Prospects in cross-border e-commerce

The global cross-border e-commerce market was valued at $578.57 billion in 2019 and is expected to reach $2.248 billion by 2026, expanding at a CAGR (compounded annual growth rate) of 17.4 percent, based on the data from

An UNCTAD report supported these figures with a report that showed that the average share of internet users who made purchases online increased from 53 percent before the pandemic (2019) to 60 percent following the onset of the pandemic (2020/21), across sixty-six countries with statistics available.


This significant uptick in consumer e-commerce activity fueled by the COVID-19 pandemic was sustained in 2021, further to the UNCTAD report, with online sales increasing markedly in value, despite the easing of restrictions in many countries.

Southeast Asia is a hotbed for cross-border e-commerce. It is estimated that by 2023, the region’s cross-border e-commerce gross merchandise value will reach $12 billion, accounting for more than 40% of the total regional E-commerce market. Singapore and Malaysia account for more than 50% of the total cross-border e-commerce, according to a study by Accenture. The report cites Vietnam and the Philippines as two potential cross-border E-commerce markets.

But micro, small, and medium enterprises (MSMEs) in the Philippines have not yet fully leveraged on the potential of cross-border e-commerce. In fact, Amazon described Philippine e-commerce as “relatively new, but rapidly developing sector.”


Based on the Cross-Border E-commerce Awareness and Perception Report by Amazon in 2021, local MSMEs cited the three critical barriers when selling globally.

First is the difficultly in managing cross-border supply chains and logistics, where 53 percent of Filipino MSMEs surveyed cited this as their top barrier. Second is the high operating costs in selling overseas via e-commerce. Third is the intense competition from international sellers, wherein 71 percent of the MSMEs surveyed admitted that they are not well-prepared to meet the demands and preferences of consumers overseas.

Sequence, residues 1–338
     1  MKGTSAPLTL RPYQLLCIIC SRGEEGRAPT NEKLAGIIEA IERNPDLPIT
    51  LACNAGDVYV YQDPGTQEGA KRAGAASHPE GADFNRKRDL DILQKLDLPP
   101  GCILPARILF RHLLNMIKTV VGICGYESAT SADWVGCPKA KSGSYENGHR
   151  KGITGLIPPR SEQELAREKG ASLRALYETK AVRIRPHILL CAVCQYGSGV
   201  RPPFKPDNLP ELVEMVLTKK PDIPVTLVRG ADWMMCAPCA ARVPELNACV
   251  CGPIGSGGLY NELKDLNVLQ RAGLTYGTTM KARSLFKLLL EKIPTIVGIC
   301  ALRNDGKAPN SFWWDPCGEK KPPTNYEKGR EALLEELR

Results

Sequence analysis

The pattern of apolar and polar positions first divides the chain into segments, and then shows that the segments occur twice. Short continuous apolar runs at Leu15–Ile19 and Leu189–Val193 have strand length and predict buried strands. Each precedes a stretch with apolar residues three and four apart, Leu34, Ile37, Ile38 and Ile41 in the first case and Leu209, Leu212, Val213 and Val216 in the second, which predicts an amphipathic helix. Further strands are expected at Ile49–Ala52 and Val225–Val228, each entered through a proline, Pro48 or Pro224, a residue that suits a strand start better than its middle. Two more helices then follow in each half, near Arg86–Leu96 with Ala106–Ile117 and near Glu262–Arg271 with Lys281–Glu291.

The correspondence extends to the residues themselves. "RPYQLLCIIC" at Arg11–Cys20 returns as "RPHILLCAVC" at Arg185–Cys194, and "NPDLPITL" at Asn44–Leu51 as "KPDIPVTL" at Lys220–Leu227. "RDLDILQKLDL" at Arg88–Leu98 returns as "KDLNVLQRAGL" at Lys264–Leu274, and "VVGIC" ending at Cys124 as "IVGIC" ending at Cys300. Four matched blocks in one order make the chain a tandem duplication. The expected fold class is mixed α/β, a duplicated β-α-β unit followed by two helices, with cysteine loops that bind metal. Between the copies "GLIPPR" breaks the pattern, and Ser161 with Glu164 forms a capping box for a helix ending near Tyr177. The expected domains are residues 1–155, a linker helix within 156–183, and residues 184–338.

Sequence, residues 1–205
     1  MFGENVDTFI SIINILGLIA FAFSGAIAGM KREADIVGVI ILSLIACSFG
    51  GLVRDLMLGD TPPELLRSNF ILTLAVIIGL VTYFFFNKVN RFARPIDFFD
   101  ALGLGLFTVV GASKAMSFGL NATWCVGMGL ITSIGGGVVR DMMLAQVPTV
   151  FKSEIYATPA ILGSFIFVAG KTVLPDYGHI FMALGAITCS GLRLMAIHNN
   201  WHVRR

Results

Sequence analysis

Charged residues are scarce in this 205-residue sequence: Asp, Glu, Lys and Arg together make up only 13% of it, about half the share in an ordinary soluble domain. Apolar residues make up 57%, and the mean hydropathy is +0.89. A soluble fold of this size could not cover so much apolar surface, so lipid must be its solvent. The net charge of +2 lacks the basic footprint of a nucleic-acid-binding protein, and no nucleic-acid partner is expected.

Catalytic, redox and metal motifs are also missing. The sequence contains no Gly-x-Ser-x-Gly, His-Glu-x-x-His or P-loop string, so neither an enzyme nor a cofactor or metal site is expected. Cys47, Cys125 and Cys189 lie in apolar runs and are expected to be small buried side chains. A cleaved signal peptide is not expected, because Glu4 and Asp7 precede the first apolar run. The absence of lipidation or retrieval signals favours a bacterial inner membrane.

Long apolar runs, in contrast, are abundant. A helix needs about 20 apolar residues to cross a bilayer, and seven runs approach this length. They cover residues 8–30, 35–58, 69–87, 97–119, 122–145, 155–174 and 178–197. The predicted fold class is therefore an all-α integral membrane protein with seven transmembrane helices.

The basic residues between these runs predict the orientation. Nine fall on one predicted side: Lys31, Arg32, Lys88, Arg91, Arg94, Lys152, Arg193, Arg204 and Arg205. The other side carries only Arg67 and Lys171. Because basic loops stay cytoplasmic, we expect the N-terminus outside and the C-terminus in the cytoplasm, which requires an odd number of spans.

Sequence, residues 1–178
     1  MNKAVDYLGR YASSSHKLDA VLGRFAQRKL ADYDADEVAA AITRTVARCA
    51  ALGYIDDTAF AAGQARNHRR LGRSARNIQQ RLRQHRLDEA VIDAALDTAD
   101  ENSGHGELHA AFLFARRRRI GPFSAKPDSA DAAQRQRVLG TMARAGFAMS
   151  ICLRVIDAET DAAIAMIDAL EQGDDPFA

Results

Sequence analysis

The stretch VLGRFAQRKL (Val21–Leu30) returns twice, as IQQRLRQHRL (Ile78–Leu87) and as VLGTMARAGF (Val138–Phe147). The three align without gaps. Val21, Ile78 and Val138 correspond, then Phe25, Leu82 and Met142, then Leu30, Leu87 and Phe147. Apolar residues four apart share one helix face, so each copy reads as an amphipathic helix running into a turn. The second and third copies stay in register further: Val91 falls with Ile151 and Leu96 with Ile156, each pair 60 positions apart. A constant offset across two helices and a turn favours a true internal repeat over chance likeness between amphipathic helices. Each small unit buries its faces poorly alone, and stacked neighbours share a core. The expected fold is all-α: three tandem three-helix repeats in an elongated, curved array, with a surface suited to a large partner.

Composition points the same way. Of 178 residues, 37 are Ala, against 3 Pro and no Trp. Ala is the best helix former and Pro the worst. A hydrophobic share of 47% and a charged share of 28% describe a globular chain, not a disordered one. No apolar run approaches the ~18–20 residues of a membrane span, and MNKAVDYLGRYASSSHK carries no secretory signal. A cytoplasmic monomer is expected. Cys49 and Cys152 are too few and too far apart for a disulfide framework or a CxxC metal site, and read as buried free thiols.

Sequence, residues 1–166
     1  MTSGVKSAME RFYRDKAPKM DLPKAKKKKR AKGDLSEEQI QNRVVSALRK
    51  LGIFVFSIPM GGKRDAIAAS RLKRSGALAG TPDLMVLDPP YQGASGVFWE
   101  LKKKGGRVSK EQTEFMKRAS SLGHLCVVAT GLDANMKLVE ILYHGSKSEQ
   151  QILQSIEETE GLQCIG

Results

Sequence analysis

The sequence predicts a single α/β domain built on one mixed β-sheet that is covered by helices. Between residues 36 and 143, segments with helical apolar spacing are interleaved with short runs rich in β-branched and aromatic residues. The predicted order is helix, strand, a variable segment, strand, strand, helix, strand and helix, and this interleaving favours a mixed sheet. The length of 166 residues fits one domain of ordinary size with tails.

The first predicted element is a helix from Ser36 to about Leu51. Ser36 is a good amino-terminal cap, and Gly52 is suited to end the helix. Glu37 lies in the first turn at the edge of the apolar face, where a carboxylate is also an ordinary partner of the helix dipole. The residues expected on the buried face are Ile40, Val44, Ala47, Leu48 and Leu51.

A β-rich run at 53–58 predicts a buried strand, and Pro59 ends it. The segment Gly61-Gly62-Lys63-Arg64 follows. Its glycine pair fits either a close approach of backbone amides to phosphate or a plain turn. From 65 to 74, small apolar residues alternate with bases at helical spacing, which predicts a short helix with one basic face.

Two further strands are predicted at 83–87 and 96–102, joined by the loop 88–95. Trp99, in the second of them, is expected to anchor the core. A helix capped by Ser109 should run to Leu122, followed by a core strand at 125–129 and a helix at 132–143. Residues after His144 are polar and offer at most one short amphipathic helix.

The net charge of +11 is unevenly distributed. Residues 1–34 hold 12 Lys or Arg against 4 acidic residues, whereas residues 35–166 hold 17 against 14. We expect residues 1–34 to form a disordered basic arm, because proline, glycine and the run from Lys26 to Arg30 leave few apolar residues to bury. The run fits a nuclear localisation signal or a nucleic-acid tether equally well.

For local MSMEs to take advantage of the growing cross-border e-commerce, they need to adapt to the trends and shifts that are shaping the global and regional e-commerce landscape.


First on the list is to learn about consumer and business-to-business market preferences in the regional and global markets. One trend that MSMEs need to consider is that the pandemic has impacted consumer and buyer behavior. Successful e-commerce sellers are now targeting Generation Z and millennials who drive the majority of the buying process.

Another is the growing and developing global cross-border payment options. Local MSMEs need to learn and onboard new payment options to reach a broader market. In today’s market, it is not acceptable to offer only single payments options via bank transfers, but consumers expect flexibility in the method of payment. Consumers expect a cross-border payment experience to be secure and transparent.

Local MSME’s can also explore joining regional and global marketplaces that already have access the wider markets. Marketplaces that cater to fashion and design, consumer goods, and other products. Provide the flexibility and reach for sellers from the Philippines.


Lastly and probably the most important, is for local MSMEs to update their digital presence. They need to update their websites to cater to a global market. In addition, their social media presence, such as LinkedIn and Facebook, need to be updated to reach the business and younger market segments.

Indeed, there is enormous potential for local MSMEs to take advantage of the huge cross-border e-commerce market. But they need to be enabled and capacitated as well. Government agencies such as the Department of Trade and Industry (DTI) are continuously running their programs to help local MSMEs build their competencies to compete in the global marketplace.

The author is the Founder and CEO of Hungry Workhorse Consulting, a digital and culture transformation consulting firm. He is the Chairman of the Information and Communication Technology Committee of the Financial Executives Institute of the Philippines (FINEX). He is Fellow at the US-based Institute for Digital Transformation.He teaches strategic management in the MBA Program of De La Salle University. The author may be emailed at